Application rollouts can be pressure-filled affairs. But when the cost of not getting it right the first time is paid in lives, not dollars, attention to detail becomes all the more critical.
Mitch Barnett, president of Vancouver-based 5 by 5 Software Ventures Ltd., recently took on such a job at Telus Geomatics in Edmonton. “It was a little more challenging,” he admitted. “Most IT projects don’t have that issue around security or reliability.”
Telus had done work with 5 by 5 before, and during the course of a routine discussion last November, officials told Barnett about a problem they had recently discovered. The Geomatics branch of the national telco-services provider is responsible for GIS applications – specifically Telus GeoExplorer, a massive Web-based tool that allows users to drill down into detailed maps of areas across North America. It is designed to provide them with a variety of data, including political boundaries, geology and oil and gas infrastructure.
The latter ability attracted the attention of several Alberta municipalities, represented by the Northeast Region Community Awareness Emergency Response Association (NRCAER). Concerned about the possibility of a catastrophic event taking place at an oil well, it commissioned Telus to supply a GIS map of all potential oil and gas flash points – maps that would also include all nearby residential address and contact information.
In the event of an emergency, Telus can, once notified, automatically have residents in a given area telephoned and given updated evacuation information. The maps can also help direct emergency personnel, and predict other problems before they occur.
The problem, however, is that the interactive voice response (IVR) system that handled the calls sits in Vancouver. The GIS app is housed in Calgary.
“We needed a way to transmit that (GIS) information in a secure fashion to the IVR,” said Jim Huff, general manager of Telus Geomatics in Edmonton.”We were going to build our own.”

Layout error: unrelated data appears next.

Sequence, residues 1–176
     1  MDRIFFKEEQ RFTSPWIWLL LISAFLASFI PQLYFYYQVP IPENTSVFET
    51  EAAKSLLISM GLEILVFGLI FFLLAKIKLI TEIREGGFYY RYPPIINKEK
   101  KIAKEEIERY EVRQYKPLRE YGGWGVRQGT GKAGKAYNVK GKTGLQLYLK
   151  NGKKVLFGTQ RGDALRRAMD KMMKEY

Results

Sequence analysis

But 5 by 5 instead recommended going with a customized build of Microsoft Corp.’s BizTalk 2000, software it had worked with since it was unveiled in 1999.
The project kicked-off in April and work itself took three weeks to complete. But it took nearly two months to design. That’s because the biggest challenge wasn’t in tying together the IVR and GIS. Instead, it was doing so in a enviornment where security and uptime are crucial.
“The variables of what can go wrong is exponential,” Barnett said. “The data exchange is pretty straight ahead. But putting it all together and making sure if there is system failure that we can account for it…that can be quite staggering.”
First Barnett made sure the integration would be seamless. “We told (Telus that) BizTalk has two pieces to it, a basic messaging engine and a basic workflow engine…so we can model your business processes,” Barnett said.
That way, the integration piece would not only link the IVR and GIS, it would also monitor itself and the data exchange process in real time, and alert 5 by 5 if something in the workflow broke down.
“If there is a failure, we take control of the business process,” he said. As well, besides the two servers hosting BizTalk, Barnett also built a failover cluster to automatically take the load in the event of system failure.
The third element was ensuring that BizTalk was bulletproof. A system that can automatically phone thousands of unsuspecting residents warning of an emergency makes for a tempting target.
“It’s locked down as tight as one can lock it down,” Barnett said. “We occasionally check out the system – you can use the term ‘ethical hacking.'”
Today the system is up and running. And if the IVR system calls a residence and doesn’t get an answer, or if a resident requires further information (indicated by keying in a touch-tone number), that information is instantly fed back to the GIS system.
Huff said he’s even looking at employing BizTalk in other areas of the business, in particular mapping customer data to the GIS via its Siebel CRM database.
Barnett said the key to successful integration projects is to do them in pieces. “Any project of any size we’ll do in three-month cycles,” he said. That’s because the only aspect that can change is the business requirements – which are tough to predict.